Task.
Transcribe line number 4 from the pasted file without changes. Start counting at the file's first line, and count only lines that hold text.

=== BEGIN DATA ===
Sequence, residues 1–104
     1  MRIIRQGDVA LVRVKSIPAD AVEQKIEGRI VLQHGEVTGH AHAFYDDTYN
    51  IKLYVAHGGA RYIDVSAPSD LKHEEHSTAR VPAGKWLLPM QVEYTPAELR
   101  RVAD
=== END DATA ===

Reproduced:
   101  RVAD